Change the world

School of Engineering

02/03/2016

PERHAPS the biggest challenge facing renewable energy is energy storage when the wind is not blowing or the sun is not shining.

Nelson Mandela Metropolitan University is working with industry to research a number of systems for the storage of power.

They range from a new facility to test lithium ion batteries used in electric vehicles through standard lead acid batteries to a “Hot RockTM” system.

Postgraduate battery research projects in collaboration with Powertech Batteries are focusing on the use of additives to improve the anode and cathode materials of conventional Pb-acid batteries.

At the heart of the battery testing is a 21 channel Bitrode battery tester that can subject cells and batteries up to 18V to a range of pre-programmed testing sequences of charging and discharging under various voltage, current and temperature controls.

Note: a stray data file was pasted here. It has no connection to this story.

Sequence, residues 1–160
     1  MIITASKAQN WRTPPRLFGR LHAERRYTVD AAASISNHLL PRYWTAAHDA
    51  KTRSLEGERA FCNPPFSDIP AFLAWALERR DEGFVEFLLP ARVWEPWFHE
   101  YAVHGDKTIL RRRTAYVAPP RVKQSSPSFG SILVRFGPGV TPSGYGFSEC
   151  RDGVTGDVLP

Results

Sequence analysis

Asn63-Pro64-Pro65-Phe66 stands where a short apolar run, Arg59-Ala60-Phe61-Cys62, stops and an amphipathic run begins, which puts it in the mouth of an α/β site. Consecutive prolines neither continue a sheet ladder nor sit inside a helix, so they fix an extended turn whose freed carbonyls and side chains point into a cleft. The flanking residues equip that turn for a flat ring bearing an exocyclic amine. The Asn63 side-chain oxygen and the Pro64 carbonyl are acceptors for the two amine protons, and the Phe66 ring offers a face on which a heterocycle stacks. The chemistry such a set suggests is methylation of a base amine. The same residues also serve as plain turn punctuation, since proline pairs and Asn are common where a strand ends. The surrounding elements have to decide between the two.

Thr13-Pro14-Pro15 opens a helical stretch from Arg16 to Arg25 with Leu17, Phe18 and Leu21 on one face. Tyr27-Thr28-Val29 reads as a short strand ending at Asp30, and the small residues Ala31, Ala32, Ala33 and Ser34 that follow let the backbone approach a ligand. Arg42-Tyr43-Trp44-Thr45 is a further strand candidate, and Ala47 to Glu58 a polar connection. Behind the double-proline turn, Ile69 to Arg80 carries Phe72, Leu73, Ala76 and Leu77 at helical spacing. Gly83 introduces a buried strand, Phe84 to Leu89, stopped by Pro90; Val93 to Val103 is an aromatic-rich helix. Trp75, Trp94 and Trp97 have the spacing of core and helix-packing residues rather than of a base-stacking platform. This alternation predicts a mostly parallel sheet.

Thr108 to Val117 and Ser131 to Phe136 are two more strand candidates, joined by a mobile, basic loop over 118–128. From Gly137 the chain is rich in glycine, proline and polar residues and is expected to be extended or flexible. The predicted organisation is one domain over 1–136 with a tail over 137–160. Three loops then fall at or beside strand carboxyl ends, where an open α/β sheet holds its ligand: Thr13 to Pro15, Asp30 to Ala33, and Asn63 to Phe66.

Developed by NMMU researchers working under mechanical engineering Associate Professor Russell Phillips, the Hot RockTM system allows heat to be stored during the day for later conversion to electricity at a household scale using a heat engine.

What makes it a breakthrough, according to Dr Phillips, is that at present the conversion of solar heat to energy is only economically viable using giant concentrated solar power (CSP) plants.

The Hot RockTM system reduces energy storage costs associated with batteries and lowers the risk of theft due to the low value of the components used in the system, he adds.

A prototype is already working, and the technology is ready to be taken to the next level for commercialisation.